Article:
organic●ally™ was set up in 2005 by Siew-Peng, a ‘pre-tired’ change management consultant and social anthropologist from Singapore, who now lives in the UK. organic●ally™ is where her concerns for the environment and good working conditions (especially for marginalized women) meet.
All organic●ally™ products have been ethically-sourced and, as much as possible, fairly traded. We are not certified as "Fairtrade" because we cannot afford to pay for that privilege.
The important principle is we will not stock any item that we are not prepared to give to those nearest and dearest to us with a clear conscience.
organic●ally™ is designed to be a manageable business around the needs of Siew-Peng's family (illness and SEN) and community commitments (volunteer at Citizens Advice, teaching English to new migrants, teaching IT skills to older people). While we do not have a dazzling all-singing, all-dancing website with seamless online payment software, we are small enough to provide a personal and friendly, as well as an efficient, service.
Please note that since 2018 Siew-Peng has been spending more time teaching at various universities (sometimes in a different part of the world) but she remains committed to making a difference in sustainability one handkerchief, one cosmetic pad, one table napkin, one string bag, and one gift bag at a time. Your support in this endeavour is much appreciated.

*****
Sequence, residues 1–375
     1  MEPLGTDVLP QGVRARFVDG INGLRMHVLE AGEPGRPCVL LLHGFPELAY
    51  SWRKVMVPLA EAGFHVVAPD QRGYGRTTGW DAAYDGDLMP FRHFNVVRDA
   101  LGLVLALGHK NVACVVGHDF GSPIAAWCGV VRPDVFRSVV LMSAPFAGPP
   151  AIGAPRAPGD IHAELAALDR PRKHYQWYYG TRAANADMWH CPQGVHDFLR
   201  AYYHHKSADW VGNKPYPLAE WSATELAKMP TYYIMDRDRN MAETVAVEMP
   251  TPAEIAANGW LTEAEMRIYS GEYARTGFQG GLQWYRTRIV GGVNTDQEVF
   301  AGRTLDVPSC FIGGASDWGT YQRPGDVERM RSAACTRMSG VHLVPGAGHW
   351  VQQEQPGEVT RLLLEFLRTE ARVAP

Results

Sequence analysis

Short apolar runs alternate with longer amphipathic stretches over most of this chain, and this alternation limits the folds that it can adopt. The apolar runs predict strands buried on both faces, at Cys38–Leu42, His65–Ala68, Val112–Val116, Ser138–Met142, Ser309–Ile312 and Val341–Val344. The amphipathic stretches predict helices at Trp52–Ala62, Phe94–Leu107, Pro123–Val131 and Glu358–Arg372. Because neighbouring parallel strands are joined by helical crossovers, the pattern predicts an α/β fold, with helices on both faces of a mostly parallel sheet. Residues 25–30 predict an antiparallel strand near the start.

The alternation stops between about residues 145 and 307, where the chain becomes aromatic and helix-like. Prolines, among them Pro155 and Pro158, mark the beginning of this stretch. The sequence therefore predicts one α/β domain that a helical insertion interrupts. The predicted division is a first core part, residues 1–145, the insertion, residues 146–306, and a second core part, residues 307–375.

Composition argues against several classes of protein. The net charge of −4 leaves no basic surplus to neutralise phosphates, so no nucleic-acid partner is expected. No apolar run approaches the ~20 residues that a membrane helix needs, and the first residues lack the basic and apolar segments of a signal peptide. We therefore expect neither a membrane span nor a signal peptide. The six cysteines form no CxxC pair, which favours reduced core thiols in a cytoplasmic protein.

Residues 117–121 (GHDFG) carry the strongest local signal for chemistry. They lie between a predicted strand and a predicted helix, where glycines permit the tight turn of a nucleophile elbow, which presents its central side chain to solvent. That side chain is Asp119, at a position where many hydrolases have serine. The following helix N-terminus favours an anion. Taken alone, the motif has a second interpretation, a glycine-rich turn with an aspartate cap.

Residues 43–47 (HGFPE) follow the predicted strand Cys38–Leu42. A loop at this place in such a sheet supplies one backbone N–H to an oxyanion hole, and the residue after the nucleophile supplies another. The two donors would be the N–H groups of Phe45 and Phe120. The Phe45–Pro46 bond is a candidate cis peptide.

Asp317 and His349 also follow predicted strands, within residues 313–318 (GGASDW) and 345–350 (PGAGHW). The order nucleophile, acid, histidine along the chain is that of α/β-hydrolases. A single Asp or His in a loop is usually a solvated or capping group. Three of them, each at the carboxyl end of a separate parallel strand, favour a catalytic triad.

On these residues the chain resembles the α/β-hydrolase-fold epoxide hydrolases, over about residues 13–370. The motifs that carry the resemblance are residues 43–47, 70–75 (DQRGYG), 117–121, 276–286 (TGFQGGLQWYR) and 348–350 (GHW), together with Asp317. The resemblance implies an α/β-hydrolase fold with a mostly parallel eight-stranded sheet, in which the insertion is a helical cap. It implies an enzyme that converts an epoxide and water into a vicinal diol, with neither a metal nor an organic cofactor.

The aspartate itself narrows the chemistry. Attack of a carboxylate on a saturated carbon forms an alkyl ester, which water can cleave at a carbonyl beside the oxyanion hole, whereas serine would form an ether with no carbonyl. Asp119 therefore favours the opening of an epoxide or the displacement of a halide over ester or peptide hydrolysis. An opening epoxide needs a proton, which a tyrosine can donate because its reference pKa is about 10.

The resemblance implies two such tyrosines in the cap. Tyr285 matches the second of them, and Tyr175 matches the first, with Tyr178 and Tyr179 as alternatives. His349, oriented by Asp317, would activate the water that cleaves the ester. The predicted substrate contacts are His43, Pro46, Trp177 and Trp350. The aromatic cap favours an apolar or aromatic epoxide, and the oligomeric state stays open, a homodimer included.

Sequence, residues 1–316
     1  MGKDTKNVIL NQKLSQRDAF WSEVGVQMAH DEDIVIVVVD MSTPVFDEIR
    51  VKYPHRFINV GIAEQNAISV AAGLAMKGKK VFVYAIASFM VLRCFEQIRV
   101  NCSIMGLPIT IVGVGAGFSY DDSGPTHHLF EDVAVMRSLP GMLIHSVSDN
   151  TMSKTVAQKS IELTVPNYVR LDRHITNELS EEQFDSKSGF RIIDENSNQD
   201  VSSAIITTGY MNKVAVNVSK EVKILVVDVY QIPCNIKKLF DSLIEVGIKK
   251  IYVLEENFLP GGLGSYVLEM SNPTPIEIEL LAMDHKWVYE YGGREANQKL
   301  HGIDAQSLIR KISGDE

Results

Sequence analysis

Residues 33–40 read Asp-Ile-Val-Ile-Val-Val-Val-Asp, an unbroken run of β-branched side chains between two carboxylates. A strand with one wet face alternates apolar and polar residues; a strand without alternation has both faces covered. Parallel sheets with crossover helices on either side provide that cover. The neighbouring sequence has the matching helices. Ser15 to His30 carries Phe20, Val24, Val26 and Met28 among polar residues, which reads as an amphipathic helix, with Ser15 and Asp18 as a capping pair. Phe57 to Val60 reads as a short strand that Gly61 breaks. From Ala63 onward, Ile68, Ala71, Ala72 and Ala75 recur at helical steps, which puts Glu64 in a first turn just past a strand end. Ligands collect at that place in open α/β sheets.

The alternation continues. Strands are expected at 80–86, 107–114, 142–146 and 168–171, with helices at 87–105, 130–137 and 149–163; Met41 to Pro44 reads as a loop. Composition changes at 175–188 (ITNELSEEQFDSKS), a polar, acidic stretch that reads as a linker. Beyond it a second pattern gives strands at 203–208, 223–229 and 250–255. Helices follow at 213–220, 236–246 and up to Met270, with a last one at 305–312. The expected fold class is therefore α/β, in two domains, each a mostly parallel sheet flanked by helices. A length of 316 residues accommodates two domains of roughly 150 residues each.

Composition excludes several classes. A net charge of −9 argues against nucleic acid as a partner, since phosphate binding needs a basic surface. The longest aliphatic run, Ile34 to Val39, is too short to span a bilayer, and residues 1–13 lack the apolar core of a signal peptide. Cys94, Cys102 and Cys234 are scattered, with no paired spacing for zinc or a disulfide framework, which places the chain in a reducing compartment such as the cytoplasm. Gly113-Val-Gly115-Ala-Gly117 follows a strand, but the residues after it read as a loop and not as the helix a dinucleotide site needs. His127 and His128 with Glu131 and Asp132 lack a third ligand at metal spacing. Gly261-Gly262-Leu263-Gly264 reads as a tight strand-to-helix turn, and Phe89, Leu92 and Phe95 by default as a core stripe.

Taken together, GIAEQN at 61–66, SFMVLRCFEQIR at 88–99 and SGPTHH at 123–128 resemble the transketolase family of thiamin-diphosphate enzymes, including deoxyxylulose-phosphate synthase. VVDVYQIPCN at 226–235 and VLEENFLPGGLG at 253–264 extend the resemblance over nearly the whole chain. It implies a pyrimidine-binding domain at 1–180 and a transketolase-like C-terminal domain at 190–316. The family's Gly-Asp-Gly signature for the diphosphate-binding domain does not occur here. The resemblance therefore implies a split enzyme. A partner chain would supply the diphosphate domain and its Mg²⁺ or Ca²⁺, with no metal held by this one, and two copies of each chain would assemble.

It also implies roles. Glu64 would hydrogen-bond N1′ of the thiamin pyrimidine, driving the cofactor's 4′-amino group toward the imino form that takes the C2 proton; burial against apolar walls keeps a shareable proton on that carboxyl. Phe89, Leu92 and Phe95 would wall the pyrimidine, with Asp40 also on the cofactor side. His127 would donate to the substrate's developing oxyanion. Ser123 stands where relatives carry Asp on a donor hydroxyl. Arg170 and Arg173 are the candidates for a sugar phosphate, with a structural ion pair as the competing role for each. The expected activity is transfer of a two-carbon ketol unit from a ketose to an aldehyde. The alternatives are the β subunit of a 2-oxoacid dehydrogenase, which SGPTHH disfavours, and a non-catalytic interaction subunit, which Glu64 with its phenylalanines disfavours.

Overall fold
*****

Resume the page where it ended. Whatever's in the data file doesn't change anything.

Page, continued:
Feel free to 'chat' with Siew Peng at firstname.lastname@example.org.
I've always preferred to work in natural light. Having recently installed solar panels which took some time to be configured properly, we finally have days when our smart meter shows displays like picture above, thus making our products even more sustainable at source. I consider this a "win-win".
Of course people are always looking out for a cheaper alternative, and big corporations have made huge, HUGE profits on that basis.
But how cheap is cheap (or cheap enough)? (See also blog article on 'sustainable development'.)
Plastic bags are cheap to make, but the real cost of environmental damage – to wildlife, human beings, global climate change, etc. – is incalculable. Paper tissues and other disposable products are convenient to use, but how many trees must we fell?
Not too long ago, intensive farming which altered the vegetarian diet of cattle resulted in BSE. Right now 'cheap cotton' is being produced with the use of potent chemicals that poison the earth. Just think back to the tragedy in Bhopal where the Union Carbide plant was manufacturing aldicarb and carbaryl, pesticides for use in Indian cotton production. Result: 20,000 people killed, 120,000 people injured. (See an update on Bhopal children here.)
When organic●ally™ started we were being plagued by global avian flu. We then had foot-and-mouth and a whole lot of other food scares. How are these related to intensive farming?
We reap what we sow. Whether in this generation, or the next.
It is increasingly clear that:
The real cost of paying a low price is the earth which we must value more – for our children and their children’s sake.
Why use an organic cotton handkerchief when there are ‘cheaper’, ‘more convenient’, disposable paper alternatives?
Why carry a organic cotton string bag instead of collecting one more of those ubiquitous plastic bags?
Why use an organic cotton cloth instead of a beautifully printed gift wrapper?
Because it does not cost the earth!